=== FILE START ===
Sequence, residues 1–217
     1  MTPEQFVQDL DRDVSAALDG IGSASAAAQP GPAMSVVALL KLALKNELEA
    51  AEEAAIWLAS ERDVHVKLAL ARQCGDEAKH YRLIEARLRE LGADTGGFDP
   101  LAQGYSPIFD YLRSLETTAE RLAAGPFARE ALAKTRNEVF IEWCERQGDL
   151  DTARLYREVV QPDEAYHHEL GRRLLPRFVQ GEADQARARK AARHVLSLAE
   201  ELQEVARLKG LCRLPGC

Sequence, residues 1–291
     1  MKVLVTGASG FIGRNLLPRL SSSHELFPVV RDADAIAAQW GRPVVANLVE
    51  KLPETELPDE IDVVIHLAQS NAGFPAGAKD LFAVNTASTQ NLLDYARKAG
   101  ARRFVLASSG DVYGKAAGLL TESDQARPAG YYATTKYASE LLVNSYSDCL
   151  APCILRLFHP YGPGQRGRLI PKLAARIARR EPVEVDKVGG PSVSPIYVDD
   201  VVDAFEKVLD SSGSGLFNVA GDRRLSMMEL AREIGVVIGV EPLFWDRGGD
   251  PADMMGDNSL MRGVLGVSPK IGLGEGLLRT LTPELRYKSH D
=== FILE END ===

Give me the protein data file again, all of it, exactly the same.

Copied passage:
Sequence, residues 1–217
     1  MTPEQFVQDL DRDVSAALDG IGSASAAAQP GPAMSVVALL KLALKNELEA
    51  AEEAAIWLAS ERDVHVKLAL ARQCGDEAKH YRLIEARLRE LGADTGGFDP
   101  LAQGYSPIFD YLRSLETTAE RLAAGPFARE ALAKTRNEVF IEWCERQGDL
   151  DTARLYREVV QPDEAYHHEL GRRLLPRFVQ GEADQARARK AARHVLSLAE
   201  ELQEVARLKG LCRLPGC

Sequence, residues 1–291
     1  MKVLVTGASG FIGRNLLPRL SSSHELFPVV RDADAIAAQW GRPVVANLVE
    51  KLPETELPDE IDVVIHLAQS NAGFPAGAKD LFAVNTASTQ NLLDYARKAG
   101  ARRFVLASSG DVYGKAAGLL TESDQARPAG YYATTKYASE LLVNSYSDCL
   151  APCILRLFHP YGPGQRGRLI PKLAARIARR EPVEVDKVGG PSVSPIYVDD
   201  VVDAFEKVLD SSGSGLFNVA GDRRLSMMEL AREIGVVIGV EPLFWDRGGD
   251  PADMMGDNSL MRGVLGVSPK IGLGEGLLRT LTPELRYKSH D